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Critics of wine investment claim turning your investment into cash with this kind of asset is a very slow process

every vintage is different. The 2005 vintage in Bordeaux is highly rated while 2006 is generally pretty duff. A good starting point for your research is a fine wine magazine, such as Decanter. You can also find lots of information free on the Liv-ex blog, as well as fine wine merchants’ blogs like Berry Bros & Rudd, and Bordeaux Index. It’s also important to know who ex-lawyer Robert Parker is, if you are considering investing in wine. The American scores the wines of each château in Bordeaux out of 100, and it is one of the most important factors determining selling price. Alternatively, you could save yourself the

hassle of studying the fine wine market and let someone else do the hard work for you. Unfortunately, the image of wine funds has been tarnished by a number of scams as the sector is, as yet, unregulated. Andrew Davison of The Vintage Wine

Fund admits there are “plenty of cowboys – some have been suspended, others continue to bring bad press to our sector”. However, there are a number of highly professional companies, including The Vintage Wine Fund, Wine Asset Managers and The Wine Investment Fund, whose directors have been authorised by the UK Financial Services

Need to know

THE FINE wine market, like the stock market, has its own jargon. What does it all mean?

EN PRIMEUR Wine sold as futures before being bottled. Up to two years later the wine is shipped to the customer or to a warehouse for storage. By paying for the wine upfront, it secures sought-after vintages and it is often – though not always – cheaper than buying it when ready.

IN BOND Fine wines are often sold on an ‘in bond’ basis. This means the quoted price does not include duty or VAT. Duty on a case of wine in the UK is currently £21.72 per twelve-bottle case.

ROBERT PARKER A former lawyer from Baltimore, and now one of the world’s most influential wine critics. His tasting notes and scores out of 100 have had a significant effect on market demand and prices of wine, particularly from Bordeaux.

SUPER SECONDS The best-performing wines ranked as second growths in the 1855 classification of Bordeaux’s left bank.

50 October/November 2011

Authority. The average annual returns of The Wine Investment Fund after all charges since 2003 stands at 14.5 per cent. All wine funds charge management fees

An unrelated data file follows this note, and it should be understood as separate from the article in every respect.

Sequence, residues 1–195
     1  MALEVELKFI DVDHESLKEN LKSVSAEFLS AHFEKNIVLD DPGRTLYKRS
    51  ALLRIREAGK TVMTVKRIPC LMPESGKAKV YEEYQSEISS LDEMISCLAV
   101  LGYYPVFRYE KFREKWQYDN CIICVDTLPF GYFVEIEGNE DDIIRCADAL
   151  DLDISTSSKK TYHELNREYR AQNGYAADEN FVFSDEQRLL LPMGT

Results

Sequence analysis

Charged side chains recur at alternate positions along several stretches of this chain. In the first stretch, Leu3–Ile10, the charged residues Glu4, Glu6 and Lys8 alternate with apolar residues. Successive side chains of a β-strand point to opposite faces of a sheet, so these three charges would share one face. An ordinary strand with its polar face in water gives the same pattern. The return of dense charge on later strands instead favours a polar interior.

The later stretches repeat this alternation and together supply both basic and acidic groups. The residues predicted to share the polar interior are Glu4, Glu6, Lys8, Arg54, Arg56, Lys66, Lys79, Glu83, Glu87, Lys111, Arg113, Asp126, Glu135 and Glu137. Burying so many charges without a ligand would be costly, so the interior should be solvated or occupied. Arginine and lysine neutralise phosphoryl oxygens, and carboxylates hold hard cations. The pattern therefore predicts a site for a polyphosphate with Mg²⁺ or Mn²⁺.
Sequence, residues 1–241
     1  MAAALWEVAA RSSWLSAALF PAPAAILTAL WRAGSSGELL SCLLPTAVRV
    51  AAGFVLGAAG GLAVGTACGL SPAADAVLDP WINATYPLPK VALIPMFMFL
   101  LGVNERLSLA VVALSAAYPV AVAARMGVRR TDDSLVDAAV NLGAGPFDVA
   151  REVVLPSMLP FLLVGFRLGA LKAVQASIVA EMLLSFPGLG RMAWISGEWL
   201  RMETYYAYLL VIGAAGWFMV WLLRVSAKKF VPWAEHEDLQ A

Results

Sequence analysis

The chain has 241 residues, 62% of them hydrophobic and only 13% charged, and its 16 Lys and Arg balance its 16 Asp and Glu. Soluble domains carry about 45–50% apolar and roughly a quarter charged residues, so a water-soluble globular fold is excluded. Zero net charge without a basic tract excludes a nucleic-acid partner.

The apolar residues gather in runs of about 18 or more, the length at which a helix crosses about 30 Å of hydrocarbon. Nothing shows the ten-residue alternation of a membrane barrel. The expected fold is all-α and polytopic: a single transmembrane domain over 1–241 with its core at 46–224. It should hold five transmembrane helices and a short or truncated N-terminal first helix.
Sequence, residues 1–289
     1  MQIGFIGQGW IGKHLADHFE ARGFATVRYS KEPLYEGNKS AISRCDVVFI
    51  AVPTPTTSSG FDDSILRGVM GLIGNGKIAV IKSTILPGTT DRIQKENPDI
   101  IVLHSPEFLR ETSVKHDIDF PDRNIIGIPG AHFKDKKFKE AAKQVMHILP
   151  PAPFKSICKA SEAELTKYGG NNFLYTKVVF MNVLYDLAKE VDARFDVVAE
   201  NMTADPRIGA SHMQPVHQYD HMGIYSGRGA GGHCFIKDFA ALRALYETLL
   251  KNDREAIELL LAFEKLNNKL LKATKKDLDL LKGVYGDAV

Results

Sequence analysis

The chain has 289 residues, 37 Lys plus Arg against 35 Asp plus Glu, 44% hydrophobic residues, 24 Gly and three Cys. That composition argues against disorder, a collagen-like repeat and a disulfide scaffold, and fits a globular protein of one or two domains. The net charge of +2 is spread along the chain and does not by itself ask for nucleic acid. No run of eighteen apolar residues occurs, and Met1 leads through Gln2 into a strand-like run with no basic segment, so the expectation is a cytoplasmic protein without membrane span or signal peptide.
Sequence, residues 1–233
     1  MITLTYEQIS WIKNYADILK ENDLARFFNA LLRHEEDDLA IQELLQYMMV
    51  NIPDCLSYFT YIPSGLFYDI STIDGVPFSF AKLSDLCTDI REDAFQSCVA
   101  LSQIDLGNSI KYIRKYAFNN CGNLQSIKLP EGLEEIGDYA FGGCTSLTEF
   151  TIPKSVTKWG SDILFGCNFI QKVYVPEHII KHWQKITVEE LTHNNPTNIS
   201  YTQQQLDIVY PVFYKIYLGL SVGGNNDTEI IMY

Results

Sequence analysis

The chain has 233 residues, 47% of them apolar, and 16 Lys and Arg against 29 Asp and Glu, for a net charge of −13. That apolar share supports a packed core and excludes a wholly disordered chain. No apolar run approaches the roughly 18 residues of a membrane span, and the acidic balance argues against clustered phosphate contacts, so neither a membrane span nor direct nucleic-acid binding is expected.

of between 1.5 and 2.5 per cent a year for their services, including storage costs and insurance, which individual investors must cover at about £15 per case per year. There’s also a performance fee when you exit funds, generally after a period of three to five years. Most deduct 20 per cent from the net asset value of the fund before you get your share of the pie, while DIY wine investors can expect to pay a minimum 10 per cent commission to a merchant or as much as 20 per cent to an auction house when the time comes to sell personal stocks. Critics of wine investment claim turning

your investment into cash with this kind of asset is a very slow process. However, this depends on the wine you purchase and the state of the market when you come to sell. As Andrew Main points out: “Liquidity normally always remains in the top châteaux. As with property, location is very important. However at different times various names and years will go in and out of fashion.” Like any asset class, it helps to know what you’re doing when

investing in fine wine. Buy the right thing at the right price and the right time, and there are impressive returns to be made. However, like stocks and shares, it’s a calculated gamble. The Chinese wine bubble could burst, though it shows no signs of slowing yet, pushing fine wines ever higher. Nevertheless, if Bordeaux did a Lehman Brothers, at least you’d have a fine time drowning your sorrows. l

REBECCA GIBB was the Louis Roederer Emerging Wine Writer of 2010

Expert tips

l Shop around and buy from a reputable merchant l Ensure your wines are stored in a temperature-controlled warehouse and in your name, to protect your investment if the company goes out of business. You should also get your investment insured l Opt for 75cl bottles in a six-or 12-bottle case rather than magnums or half bottles

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